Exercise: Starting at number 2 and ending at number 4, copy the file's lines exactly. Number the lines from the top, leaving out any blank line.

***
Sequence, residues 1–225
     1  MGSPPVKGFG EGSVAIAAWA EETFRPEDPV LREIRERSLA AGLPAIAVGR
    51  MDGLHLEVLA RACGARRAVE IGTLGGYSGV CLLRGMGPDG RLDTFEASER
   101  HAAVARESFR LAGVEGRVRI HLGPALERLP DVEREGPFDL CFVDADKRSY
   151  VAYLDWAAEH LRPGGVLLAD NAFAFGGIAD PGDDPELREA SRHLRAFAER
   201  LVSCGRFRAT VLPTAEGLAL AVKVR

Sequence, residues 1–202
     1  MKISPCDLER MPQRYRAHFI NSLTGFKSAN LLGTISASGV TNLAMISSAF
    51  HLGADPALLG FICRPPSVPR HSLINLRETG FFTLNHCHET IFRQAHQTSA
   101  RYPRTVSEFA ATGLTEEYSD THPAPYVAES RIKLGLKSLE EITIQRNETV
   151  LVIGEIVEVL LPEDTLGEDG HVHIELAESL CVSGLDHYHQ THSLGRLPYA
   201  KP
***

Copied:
     1  MGSPPVKGFG EGSVAIAAWA EETFRPEDPV LREIRERSLA AGLPAIAVGR
    51  MDGLHLEVLA RACGARRAVE IGTLGGYSGV CLLRGMGPDG RLDTFEASER
   101  HAAVARESFR LAGVEGRVRI HLGPALERLP DVEREGPFDL CFVDADKRSY